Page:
39. Customers’ Requirements • Normal Requirements are typically what we get by just asking customers what they want. • Expected Requirements are often so basic the customer may fail to mention them - until we fail to perform them. For example, if coffee is served hot, customers barely notice it. If it's cold or too hot, dissatisfaction occurs. Expected requirements must be fulfilled. • Exciting Requirements are difficult to discover. They are beyond the customer's expectations. For example, if full meals were served on a flight from Chicago to Indianapolis, that would be exciting. If not, customers would hardly complain.

  40. Kano Model [Noriaki Kano 1984].

  41. Making Economic Decisions • Engineering economy: the discipline concerned with the economic aspects of engineering. It involves the systematic evaluation of the costs and benefits of proposed technical projects. Some Examples • Choosing the best design for a high-efficiency gas furnace • Recommending whether an overnight delivery service should be purchased or leased

  42. Rational Decision-Making Process • Recognize a decision problem • Define the goals or objectives • Collect all the relevant information • Identify a set of feasible decision alternatives • Select the decision criterion to use • Select the best alternative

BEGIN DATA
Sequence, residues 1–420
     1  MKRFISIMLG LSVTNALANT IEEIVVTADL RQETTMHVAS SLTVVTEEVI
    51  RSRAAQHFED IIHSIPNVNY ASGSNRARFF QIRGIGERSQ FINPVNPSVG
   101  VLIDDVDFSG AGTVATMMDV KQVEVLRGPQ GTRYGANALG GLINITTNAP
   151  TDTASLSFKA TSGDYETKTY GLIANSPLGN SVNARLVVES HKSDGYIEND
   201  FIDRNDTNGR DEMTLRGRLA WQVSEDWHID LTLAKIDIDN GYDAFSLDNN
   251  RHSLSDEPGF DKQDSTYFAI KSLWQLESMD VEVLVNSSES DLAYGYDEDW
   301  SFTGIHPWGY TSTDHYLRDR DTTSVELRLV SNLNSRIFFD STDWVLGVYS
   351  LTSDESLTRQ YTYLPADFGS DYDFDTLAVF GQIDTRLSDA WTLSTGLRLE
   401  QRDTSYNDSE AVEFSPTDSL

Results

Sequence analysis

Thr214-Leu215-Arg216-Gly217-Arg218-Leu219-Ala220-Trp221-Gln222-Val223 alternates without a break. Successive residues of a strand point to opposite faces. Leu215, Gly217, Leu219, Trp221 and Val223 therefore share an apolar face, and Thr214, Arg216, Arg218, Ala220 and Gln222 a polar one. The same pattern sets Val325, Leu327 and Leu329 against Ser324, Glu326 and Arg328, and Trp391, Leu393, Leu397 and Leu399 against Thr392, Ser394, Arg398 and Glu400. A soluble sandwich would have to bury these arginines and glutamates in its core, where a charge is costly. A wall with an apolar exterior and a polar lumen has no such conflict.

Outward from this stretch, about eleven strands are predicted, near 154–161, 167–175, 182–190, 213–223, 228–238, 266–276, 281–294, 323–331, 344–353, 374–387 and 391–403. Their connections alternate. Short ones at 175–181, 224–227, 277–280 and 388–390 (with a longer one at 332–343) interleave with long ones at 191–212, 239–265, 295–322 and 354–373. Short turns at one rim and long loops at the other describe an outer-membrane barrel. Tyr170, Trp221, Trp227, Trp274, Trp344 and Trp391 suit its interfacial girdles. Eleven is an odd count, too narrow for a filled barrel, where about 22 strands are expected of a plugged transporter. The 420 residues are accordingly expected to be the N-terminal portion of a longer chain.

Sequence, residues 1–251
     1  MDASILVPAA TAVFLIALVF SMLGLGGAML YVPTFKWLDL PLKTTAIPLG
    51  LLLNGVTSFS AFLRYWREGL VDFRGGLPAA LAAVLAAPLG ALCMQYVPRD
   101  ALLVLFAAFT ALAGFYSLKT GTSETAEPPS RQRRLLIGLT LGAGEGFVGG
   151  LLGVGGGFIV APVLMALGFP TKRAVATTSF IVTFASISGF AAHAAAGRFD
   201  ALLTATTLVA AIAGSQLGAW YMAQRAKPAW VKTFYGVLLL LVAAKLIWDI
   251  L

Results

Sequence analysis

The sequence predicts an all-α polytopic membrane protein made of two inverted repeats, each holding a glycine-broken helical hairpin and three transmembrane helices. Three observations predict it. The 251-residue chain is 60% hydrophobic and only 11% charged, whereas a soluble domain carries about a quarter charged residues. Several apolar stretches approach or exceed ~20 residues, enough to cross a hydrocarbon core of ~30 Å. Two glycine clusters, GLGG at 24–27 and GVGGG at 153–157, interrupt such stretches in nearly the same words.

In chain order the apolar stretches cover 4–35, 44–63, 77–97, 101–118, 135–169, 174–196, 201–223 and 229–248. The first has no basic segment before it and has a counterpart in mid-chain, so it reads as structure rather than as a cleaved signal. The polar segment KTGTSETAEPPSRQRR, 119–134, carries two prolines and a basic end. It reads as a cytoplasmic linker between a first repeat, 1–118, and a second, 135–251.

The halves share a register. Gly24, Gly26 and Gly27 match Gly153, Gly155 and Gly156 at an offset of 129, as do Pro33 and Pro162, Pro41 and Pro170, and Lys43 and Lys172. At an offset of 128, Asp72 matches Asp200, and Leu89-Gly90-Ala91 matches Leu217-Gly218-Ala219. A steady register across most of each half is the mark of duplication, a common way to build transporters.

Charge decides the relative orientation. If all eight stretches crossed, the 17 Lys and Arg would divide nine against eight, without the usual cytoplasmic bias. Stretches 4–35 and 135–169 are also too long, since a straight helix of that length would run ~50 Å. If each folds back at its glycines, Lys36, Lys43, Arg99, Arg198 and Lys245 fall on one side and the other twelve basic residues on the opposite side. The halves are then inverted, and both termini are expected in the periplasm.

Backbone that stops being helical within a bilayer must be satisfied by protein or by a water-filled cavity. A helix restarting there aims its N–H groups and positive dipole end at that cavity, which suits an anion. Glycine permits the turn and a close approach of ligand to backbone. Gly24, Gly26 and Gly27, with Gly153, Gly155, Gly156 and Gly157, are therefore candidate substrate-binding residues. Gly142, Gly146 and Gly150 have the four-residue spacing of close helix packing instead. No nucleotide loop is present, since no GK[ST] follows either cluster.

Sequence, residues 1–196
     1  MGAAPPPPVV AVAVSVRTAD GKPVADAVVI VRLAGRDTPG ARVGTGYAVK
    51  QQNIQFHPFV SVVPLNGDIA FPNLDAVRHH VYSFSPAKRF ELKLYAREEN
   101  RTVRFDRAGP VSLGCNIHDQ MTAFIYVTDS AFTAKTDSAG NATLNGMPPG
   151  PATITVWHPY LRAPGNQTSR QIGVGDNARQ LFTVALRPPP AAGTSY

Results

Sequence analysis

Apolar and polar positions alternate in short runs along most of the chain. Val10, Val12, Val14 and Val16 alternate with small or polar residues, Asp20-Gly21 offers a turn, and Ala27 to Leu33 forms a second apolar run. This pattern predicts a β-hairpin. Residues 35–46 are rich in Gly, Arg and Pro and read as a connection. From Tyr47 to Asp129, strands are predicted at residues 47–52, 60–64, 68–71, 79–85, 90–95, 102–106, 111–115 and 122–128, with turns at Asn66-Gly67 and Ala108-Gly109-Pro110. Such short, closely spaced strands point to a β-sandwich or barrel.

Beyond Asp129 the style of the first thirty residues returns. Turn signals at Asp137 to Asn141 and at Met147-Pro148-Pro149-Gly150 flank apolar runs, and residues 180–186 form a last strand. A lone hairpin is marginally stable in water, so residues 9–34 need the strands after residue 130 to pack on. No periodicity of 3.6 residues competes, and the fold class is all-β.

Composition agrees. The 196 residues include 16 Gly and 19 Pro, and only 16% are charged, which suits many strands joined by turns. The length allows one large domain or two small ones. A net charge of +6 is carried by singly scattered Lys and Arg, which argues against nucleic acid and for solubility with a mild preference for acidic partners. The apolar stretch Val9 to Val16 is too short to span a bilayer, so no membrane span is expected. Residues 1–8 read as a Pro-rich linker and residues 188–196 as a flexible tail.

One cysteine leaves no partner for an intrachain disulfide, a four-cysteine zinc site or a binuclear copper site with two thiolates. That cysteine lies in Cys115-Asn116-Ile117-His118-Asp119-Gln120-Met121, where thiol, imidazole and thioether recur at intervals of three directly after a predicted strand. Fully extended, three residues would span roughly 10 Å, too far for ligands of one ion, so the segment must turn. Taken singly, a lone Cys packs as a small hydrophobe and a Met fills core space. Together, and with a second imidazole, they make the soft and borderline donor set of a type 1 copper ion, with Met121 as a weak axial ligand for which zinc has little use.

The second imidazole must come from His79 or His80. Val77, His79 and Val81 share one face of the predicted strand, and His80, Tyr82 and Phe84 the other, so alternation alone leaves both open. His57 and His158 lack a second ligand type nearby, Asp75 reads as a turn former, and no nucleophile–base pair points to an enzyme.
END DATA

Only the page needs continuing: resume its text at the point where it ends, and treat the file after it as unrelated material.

43. Example: Equipment & Process Selection • How do you choose between Plastic Composite and Steel sheet stock for the auto body panel? • The choice of material will dictate the manufacturing process for the body panel as well as manufacturing costs.

  44. Which Material to Choose?

  45. Engineering Costs General Cost Terms • Manufacturing Costs Direct materials Direct labor Mfg. Overhead • Non-manufacturing Costs Overhead Marketing Administrative

  46. Cost Components • Material Cost Direct material cost – Bill of Material (BOM) Non-formula material cost – expense of consumables used during processing • Conversion Cost Capital depreciation Direct labor MBR – management budget review Scrap Tools and Dies Transportation

  47. Cost Classification for Predicting Cost Behavior • Cost Behaviors Fixed costs Variable costs • Average unit costs

  48. Fixed Costs Fixed costs per unit of production (F/Q) Total fixed costs (F) Production volume (Q) Productionvolume (Q)

  49. Variable Costs • Def: Costs that vary depending on the level of production or sales • Cost behavior: Increase or decrease proportionally according to the level of volume • Examples: Costs of raw material, packaging material, direct labor, machine utilities are main variable costs.